About this neuroscience research article
Source: Veerle Darras – KU Leuven Image Source: NeuroscienceNews.com image is credited to KU Leuven Lab of Comparative Endocrinology – Joke Delbaere & Pieter Vancamp. Original Research:Abstract for “MCT8 deficiency in Purkinje cells disrupts embryonic chicken cerebellar development” by Joke Delbaere, Pieter Vancamp, Stijn L J Van Herck, Nele M A Bourgeois, Mary J Green, Richard J T Wingate and Veerle M Darras in Journal of Endocrinology. Published online February 1 2017 doi:10.1530/JOE-16-0323
Cite This NeuroscienceNews.com Article
[cbtabs][cbtab title=”MLA”]KU Leuven “Transporter of Thyroid Hormones is Crucial For Embryonic Brain Development.” NeuroscienceNews. NeuroscienceNews, 6 February 2017. <https://neurosciencenews.com/cerebellum-development-thyroid-6067/>.[/cbtab][cbtab title=”APA”]KU Leuven (2017, February 6). Transporter of Thyroid Hormones is Crucial For Embryonic Brain Development. NeuroscienceNew. Retrieved February 6, 2017 from https://neurosciencenews.com/cerebellum-development-thyroid-6067/[/cbtab][cbtab title=”Chicago”]KU Leuven “Transporter of Thyroid Hormones is Crucial For Embryonic Brain Development.” https://neurosciencenews.com/cerebellum-development-thyroid-6067/ (accessed February 6, 2017).[/cbtab][/cbtabs]
MCT8 deficiency in Purkinje cells disrupts embryonic chicken cerebellar development
Inactivating mutations in the human SLC16A2 gene encoding the thyroid hormone transporter monocarboxylate transporter 8 (MCT8) result in the Allan–Herndon–Dudley syndrome accompanied by severe locomotor deficits. The underlying mechanisms of the associated cerebellar maldevelopment were studied using the chicken as a model. Electroporation of an MCT8-RNAi vector into the cerebellar anlage of a 3-day-old embryo allowed knockdown of MCT8 in Purkinje cell precursors. This resulted in the downregulation of the thyroid hormone-responsive gene RORα and the Purkinje cell-specific differentiation marker LHX1/5 at day 6. MCT8 knockdown also results in a smaller and less complex dendritic tree at day 18 suggesting a pivotal role of MCT8 for cell-autonomous Purkinje cell maturation. Early administration of the thyroid hormone analogue 3,5,3′-triiodothyroacetic acid partially rescued early Purkinje cell differentiation. MCT8-deficient Purkinje cells also induced non-autonomous effects as they led to a reduced granule cell precursor proliferation, a thinner external germinal layer and a loss of PAX6 expression. By contrast, at day 18, the external germinal layer thickness was increased, with an increase in presence of Axonin-1-positive post-mitotic granule cells in the initial stage of radial migration. The concomitant accumulation of presumptive migrating granule cells in the molecular layer, suggests that inward radial migration to the internal granular layer is stalled. In conclusion, early MCT8 deficiency in Purkinje cells results in both cell-autonomous and non-autonomous effects on cerebellar development and indicates that MCT8 expression is essential from very early stages of development, providing a novel insight into the ontogenesis of the Allan–Herndon–Dudley syndrome.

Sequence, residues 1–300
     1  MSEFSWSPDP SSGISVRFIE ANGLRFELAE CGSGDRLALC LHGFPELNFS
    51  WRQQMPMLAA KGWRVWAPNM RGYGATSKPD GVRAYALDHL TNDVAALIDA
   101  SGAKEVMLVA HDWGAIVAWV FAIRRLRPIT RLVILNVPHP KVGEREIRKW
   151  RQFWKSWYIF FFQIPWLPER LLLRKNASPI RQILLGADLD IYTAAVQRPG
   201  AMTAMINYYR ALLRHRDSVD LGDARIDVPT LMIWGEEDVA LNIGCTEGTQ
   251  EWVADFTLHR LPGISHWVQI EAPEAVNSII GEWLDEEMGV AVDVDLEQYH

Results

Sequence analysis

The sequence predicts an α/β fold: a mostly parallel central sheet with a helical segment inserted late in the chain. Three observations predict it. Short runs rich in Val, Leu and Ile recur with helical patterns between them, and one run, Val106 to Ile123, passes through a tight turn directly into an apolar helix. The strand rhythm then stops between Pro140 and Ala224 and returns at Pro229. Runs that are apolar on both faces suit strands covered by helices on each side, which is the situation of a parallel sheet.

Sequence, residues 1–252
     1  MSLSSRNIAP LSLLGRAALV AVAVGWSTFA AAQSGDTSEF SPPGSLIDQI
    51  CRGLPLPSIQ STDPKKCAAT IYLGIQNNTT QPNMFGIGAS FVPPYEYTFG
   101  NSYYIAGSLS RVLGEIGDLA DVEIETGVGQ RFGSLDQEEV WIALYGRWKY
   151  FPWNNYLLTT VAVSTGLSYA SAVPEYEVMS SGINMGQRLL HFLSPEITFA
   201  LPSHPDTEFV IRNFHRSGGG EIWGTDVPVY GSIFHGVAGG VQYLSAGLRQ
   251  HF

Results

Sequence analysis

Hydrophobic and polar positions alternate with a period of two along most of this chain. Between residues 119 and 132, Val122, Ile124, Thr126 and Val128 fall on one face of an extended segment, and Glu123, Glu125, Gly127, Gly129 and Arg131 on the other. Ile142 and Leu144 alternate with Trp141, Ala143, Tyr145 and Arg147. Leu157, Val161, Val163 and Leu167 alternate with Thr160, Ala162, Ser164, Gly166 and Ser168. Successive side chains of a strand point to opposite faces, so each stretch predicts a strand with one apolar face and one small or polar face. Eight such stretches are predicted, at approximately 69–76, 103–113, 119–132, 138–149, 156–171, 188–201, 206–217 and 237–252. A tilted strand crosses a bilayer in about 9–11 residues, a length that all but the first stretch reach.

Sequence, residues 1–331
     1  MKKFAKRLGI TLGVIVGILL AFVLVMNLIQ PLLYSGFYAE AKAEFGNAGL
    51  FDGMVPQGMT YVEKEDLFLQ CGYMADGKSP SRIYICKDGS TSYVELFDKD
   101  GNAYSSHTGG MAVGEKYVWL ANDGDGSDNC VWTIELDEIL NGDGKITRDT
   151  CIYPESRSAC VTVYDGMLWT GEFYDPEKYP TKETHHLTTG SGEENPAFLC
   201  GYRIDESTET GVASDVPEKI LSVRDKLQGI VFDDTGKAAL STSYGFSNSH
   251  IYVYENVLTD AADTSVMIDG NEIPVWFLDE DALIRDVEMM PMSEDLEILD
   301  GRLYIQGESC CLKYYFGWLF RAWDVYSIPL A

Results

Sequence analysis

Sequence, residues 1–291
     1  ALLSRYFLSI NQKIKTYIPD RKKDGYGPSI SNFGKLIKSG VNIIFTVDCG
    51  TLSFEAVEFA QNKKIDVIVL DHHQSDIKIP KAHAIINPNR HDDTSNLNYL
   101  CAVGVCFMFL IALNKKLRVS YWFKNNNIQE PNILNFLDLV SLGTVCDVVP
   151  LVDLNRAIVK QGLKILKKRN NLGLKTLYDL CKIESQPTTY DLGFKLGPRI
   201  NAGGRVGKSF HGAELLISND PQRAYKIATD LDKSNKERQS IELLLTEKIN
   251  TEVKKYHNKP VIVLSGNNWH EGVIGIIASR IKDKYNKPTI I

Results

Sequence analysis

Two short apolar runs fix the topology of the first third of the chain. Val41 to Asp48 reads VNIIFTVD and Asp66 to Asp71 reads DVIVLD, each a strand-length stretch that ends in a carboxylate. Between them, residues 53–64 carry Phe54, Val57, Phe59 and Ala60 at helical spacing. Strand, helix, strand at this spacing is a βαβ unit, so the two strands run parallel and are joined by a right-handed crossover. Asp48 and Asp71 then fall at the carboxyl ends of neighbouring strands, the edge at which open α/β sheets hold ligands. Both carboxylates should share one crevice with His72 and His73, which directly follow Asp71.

“MCT8 deficiency in Purkinje cells disrupts embryonic chicken cerebellar development” by Joke Delbaere, Pieter Vancamp, Stijn L J Van Herck, Nele M A Bourgeois, Mary J Green, Richard J T Wingate and Veerle M Darras in Journal of Endocrinology. Published online February 1 2017 doi:10.1530/JOE-16-0323